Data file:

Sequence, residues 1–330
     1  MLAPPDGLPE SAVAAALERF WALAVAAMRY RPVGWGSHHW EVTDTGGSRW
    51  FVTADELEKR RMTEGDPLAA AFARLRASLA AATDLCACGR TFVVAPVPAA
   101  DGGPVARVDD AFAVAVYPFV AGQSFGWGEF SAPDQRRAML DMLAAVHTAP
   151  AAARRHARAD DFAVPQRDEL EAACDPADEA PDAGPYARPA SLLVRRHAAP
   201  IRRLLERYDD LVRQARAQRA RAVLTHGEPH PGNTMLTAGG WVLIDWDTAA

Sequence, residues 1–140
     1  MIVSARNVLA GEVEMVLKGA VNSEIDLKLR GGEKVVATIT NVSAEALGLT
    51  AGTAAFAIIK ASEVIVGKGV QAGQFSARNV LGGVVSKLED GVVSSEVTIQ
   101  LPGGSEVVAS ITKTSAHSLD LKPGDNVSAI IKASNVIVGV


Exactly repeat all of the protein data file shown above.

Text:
Sequence, residues 1–330
     1  MLAPPDGLPE SAVAAALERF WALAVAAMRY RPVGWGSHHW EVTDTGGSRW
    51  FVTADELEKR RMTEGDPLAA AFARLRASLA AATDLCACGR TFVVAPVPAA
   101  DGGPVARVDD AFAVAVYPFV AGQSFGWGEF SAPDQRRAML DMLAAVHTAP
   151  AAARRHARAD DFAVPQRDEL EAACDPADEA PDAGPYARPA SLLVRRHAAP
   201  IRRLLERYDD LVRQARAQRA RAVLTHGEPH PGNTMLTAGG WVLIDWDTAA

Sequence, residues 1–140
     1  MIVSARNVLA GEVEMVLKGA VNSEIDLKLR GGEKVVATIT NVSAEALGLT
    51  AGTAAFAIIK ASEVIVGKGV QAGQFSARNV LGGVVSKLED GVVSSEVTIQ
   101  LPGGSEVVAS ITKTSAHSLD LKPGDNVSAI IKASNVIVGV